A discarded stack of reporters' assignment books provided the Omaha Daily Bee with the topic for a New Year's column published on the first day of 1900. The Bee first explained to its readers that an assignment book "is a big blank book made up diary fashion-the dates of the week and month, with blank lines below. On these lines the city editor, under whose direction the reporters work, writes a brief memorandum of the particular duty to which each reporter is assigned for the day in question. This is what an assignment book is and why it is so named.
"The city editor 'makes up' the book and leaves it on a desk in his office. The reporters appear at whatever hour they are due to report, and instead of asking the city editor what they must do, they look at the book, make a note of what is entrusted to them, sign their name and go out to 'cover' the assignment. In this case, 'cover' is a synonym for 'do.' If the reporter 'does' his work thoroughly, the city editor considers that the assignment has been 'covered.'"
Outdated assignment books were not destroyed. "In an out-of-the-way corner of the office of THE BEE city editor, there is a pile of assignment books which have been filled from January 1 to December 31, and discarded as the years have rolled by, dating away back into the 70's. If these old books could talk, they might tell many a story of the sunshine and shadow of newspaper life. Some of the city editors who wrote these names may now be making out assignments on these 'big dailies in the sky.' Others, including both reporters and city editors, are still on earth, but scattered from Paris to the Philippines [The Philippine Insurrection was then raging]."
Reading the discarded assignment books "is like reading history. Brief though the mention may be, therein is recorded all of the principal happenings that have occurred in Omaha and suburbs for a quarter of a century. Tragedies, romances, notable marriages, deaths of prominent citizens, visits of great men to Omaha, calamities, as well as a voluminous mass of minor happenings, all have place and date in THE BEE assignment books." The Bee further noted the habit of many city editors to write on the last page of the assignment book at the end of the year: "'Everybody turn over a new leaf,' or something similar, and the same often is found on the first page of the new year book."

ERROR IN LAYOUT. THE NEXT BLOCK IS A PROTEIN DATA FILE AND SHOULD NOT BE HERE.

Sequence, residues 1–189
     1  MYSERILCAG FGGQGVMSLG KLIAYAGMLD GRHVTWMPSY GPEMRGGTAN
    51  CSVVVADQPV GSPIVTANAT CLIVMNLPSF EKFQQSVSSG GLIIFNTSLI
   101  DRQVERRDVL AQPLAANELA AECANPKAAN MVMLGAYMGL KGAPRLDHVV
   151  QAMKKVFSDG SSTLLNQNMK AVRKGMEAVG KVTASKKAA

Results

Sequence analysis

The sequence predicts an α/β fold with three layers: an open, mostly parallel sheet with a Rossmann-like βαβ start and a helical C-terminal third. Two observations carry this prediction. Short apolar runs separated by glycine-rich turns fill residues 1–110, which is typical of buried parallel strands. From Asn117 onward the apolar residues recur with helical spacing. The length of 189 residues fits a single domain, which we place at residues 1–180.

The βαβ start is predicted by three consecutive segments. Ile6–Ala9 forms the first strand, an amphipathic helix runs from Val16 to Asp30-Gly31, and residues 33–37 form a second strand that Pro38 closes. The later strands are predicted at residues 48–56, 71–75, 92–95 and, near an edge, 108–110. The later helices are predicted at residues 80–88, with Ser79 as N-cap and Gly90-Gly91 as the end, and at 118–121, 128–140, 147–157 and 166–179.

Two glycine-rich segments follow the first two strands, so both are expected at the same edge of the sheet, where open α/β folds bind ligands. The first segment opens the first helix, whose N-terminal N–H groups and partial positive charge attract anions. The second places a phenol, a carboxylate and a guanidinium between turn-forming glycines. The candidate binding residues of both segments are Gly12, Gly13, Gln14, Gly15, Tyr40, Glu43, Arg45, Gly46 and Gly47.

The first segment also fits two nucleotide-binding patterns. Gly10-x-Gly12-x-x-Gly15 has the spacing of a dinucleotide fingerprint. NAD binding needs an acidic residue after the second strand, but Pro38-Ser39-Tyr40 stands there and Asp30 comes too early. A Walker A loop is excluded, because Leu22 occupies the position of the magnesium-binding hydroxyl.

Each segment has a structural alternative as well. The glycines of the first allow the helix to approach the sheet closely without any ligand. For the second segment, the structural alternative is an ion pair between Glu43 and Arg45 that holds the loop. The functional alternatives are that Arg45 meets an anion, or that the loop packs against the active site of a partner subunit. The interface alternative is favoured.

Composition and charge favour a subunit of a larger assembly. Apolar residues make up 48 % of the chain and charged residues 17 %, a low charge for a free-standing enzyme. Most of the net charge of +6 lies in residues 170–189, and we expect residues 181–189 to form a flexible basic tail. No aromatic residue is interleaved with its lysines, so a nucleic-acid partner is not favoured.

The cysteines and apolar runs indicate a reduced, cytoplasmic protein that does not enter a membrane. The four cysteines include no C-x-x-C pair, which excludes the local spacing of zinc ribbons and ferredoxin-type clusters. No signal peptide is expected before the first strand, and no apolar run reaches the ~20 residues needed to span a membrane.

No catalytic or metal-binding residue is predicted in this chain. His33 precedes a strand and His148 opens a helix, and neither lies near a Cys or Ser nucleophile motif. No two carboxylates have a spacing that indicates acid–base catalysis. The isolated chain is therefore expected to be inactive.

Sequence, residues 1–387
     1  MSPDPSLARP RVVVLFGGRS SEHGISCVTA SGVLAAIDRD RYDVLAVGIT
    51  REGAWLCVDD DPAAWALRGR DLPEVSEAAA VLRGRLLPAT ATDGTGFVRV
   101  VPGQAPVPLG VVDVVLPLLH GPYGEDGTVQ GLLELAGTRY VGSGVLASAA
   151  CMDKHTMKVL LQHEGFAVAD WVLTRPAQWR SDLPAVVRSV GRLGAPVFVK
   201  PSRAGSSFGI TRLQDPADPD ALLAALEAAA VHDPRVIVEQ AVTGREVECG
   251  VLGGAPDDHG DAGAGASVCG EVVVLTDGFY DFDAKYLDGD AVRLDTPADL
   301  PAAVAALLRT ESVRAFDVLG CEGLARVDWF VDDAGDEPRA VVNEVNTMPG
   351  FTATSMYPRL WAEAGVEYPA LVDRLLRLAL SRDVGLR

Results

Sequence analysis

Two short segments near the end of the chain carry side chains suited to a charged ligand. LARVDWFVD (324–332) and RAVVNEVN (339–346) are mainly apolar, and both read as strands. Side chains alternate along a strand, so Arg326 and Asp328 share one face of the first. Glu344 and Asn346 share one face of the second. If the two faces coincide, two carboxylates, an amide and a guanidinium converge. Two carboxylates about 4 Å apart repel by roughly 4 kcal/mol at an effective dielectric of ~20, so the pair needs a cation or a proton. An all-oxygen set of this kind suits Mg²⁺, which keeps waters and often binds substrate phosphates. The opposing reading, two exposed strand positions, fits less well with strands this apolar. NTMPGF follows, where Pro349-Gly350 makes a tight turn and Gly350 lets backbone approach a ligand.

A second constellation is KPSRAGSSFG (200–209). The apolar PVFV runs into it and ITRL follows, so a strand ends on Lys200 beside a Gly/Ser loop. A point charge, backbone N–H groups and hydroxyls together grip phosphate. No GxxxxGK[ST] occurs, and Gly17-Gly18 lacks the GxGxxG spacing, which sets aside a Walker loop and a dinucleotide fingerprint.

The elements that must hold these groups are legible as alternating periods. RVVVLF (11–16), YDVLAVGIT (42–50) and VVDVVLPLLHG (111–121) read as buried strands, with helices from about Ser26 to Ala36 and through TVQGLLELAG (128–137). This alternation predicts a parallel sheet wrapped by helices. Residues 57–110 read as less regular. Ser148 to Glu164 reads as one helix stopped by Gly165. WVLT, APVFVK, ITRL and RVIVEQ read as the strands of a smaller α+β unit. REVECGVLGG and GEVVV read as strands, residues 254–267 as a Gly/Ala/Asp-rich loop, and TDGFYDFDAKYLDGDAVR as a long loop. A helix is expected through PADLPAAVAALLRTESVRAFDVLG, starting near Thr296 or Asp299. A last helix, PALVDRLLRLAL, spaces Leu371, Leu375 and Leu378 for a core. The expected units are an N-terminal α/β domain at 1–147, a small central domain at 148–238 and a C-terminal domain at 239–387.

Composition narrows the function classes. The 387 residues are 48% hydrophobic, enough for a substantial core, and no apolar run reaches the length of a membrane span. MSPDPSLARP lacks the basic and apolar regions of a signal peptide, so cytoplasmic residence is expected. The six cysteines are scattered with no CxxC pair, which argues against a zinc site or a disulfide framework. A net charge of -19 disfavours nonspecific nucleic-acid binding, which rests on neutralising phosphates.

Starting the new year with a new set of books was also the topic of an editorial in the Custer County Republican (Broken Bow) on December 10, 1908. "The year 1908 is rapidly drawing to a close," it said, "and it is time to wipe off the slate and begin anew. . . . The business man will open a new set of books at the beginning of the year." Others were urged to follow his example and make the new volume of their lives "clean and unspotted. Forget the unpleasant events, the disagreeable episodes of the past year and contribute something to a more commendable and a brighter year that is soon to break in upon us with its pages pure unturned."
The young woman in John Nelson's photograph seems about to turn a page, long a figure of speech signifying a new start at the beginning of a new year.